CFI with student
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One of the hardest steps in your flight training can be the first one. You’ve gone to your local airport flight school and had your discovery flight. You’re hooked! Southwest Airlines, here you come. Or, you just want to earn the privilege of being able to fly for that proverbial $100 hamburger. So, now what?  Let’s talk about the most diabolically hidden cost of your flight training and how to avoid it, or better yet, eliminate it from the beginning.

Last time, we talked about that logbook entry that I couldn’t identify or remember (The Silent Treatment).  We ultimately discovered its hidden, but critical value and touched on the concept of communication frequency in learning. Now, let’s take a closer look at just how important communication is in your training, and how the proper relationship with your instructor can pay big dividends in the end.

Firehose vs Garden Hose

Among the many lifelong learning tidbits that my grandfather left me was the statement, “It doesn’t matter in life what you say to another person. It’s what they hear that will make a difference.”

Learning in life takes many forms, but one thing is certain: retention makes the difference between success and failure in the classroom. Retention is driven mainly by emotional and psychological engagement. Your brain must be perfectly and correctly stimulated for you to learn something. Information delivered at a trickling garden hose pace will have you falling asleep at your desk, yet a full-on firehose effect can overwhelm you. Where are you now, what is the airplane doing, what are you doing, and what comes next?

CFI with student

Information delivered at a trickling garden hose pace will have you falling asleep at your desk, yet a full-on firehose effect can overwhelm you.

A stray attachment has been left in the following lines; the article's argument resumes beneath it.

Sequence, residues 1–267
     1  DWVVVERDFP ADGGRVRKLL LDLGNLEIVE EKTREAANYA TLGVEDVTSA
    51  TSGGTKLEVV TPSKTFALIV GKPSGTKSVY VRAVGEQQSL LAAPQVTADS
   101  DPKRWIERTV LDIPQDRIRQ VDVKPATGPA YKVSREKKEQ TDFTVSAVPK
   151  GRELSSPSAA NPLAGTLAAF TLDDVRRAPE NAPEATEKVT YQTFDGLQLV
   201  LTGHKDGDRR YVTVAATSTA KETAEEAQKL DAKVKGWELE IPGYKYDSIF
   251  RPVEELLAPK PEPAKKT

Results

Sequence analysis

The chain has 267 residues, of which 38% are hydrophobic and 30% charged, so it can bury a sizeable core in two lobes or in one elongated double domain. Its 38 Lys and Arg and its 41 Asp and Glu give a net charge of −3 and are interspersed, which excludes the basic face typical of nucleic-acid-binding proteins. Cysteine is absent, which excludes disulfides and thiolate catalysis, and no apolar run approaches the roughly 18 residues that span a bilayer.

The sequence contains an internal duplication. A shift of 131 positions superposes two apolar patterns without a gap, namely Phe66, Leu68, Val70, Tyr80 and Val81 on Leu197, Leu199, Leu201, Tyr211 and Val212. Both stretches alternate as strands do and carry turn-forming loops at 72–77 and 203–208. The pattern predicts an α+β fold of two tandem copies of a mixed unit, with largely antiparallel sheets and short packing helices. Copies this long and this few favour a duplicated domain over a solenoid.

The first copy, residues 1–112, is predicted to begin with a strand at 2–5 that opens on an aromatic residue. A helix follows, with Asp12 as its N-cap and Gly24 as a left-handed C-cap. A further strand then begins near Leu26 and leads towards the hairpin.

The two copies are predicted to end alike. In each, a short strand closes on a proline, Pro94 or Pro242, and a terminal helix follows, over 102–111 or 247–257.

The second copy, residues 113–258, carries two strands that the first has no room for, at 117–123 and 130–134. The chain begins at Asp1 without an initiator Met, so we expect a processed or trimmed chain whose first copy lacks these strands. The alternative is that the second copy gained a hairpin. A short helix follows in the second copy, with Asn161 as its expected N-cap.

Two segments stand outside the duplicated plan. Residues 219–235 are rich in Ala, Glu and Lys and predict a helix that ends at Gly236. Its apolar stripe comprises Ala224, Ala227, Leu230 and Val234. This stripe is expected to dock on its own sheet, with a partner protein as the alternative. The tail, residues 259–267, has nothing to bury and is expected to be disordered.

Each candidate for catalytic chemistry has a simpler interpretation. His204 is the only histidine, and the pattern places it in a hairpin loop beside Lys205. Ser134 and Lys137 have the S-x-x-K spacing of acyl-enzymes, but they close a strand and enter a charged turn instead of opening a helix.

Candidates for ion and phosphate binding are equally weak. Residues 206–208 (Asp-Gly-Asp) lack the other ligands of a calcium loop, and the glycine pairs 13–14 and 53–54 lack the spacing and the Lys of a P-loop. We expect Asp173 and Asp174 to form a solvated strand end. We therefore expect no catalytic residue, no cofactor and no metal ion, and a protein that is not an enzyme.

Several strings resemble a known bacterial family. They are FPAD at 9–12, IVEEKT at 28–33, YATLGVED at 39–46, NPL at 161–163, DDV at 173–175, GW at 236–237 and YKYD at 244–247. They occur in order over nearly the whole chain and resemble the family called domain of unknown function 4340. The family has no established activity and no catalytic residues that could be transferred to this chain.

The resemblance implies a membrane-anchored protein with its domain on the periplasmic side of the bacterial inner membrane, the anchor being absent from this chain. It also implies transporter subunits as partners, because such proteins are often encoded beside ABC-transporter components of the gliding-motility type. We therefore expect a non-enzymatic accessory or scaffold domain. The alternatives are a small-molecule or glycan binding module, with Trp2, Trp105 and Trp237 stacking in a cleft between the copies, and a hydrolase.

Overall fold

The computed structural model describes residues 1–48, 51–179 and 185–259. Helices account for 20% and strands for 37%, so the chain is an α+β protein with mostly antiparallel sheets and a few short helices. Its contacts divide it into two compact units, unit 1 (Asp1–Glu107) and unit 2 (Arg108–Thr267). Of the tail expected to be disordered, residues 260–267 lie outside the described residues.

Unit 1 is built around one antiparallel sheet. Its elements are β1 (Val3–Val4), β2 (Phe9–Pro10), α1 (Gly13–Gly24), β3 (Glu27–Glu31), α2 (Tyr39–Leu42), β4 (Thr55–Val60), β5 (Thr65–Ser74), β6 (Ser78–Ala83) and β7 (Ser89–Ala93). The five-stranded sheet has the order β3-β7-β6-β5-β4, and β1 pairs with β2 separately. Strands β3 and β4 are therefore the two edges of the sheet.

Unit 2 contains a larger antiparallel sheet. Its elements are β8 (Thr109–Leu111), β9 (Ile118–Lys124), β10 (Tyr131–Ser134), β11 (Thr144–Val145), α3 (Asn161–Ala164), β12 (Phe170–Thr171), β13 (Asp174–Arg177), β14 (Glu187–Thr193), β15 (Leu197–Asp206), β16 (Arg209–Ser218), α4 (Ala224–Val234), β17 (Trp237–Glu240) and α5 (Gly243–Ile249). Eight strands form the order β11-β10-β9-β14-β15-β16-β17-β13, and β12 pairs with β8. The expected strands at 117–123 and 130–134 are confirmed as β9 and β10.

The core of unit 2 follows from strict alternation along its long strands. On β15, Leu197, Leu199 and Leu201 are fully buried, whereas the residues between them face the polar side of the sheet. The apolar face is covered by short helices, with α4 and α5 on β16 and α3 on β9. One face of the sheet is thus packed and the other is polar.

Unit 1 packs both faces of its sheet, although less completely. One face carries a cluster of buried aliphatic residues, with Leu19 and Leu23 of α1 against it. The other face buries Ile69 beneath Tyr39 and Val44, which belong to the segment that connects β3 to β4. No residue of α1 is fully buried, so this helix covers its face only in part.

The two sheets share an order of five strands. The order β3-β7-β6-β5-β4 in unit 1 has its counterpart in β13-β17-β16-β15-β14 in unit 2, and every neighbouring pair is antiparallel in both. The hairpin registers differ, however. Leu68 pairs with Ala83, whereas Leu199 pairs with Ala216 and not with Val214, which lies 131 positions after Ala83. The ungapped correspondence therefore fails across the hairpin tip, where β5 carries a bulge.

This issue is the diabolical money pit in aviation: not being able to take in, retain, and benefit from the information you are given.  So, your training takes longer and costs you more money in the process.  It’s nobody’s fault.  Often, it’s a function of the life we’re living that hinders us from rapid advancement.  More on that in a minute.

The first key is to find the balance where you’re taking in the maximum amount of fully digestible information without being overwhelmed. You may not be able to completely assemble it all the moment when it’s handed to you.  However, a later review by the outstanding student (you, of course), typically brings it all into focus. You’re learning at your correct pace. You’re maximizing your time at the airport!

The Search Begins

So, as a brand-new student pilot, with your discovery flight firmly behind you, how do you find not just any instructor, but THE instructor? This pilot is the one who can perfectly meet your pace of learning, maximize your retention rate, and hopefully shorten the hours to your checkride. You’re going to buy a hamburger, albeit locally at the regular price.  But first, let’s narrow the field a bit, shall we?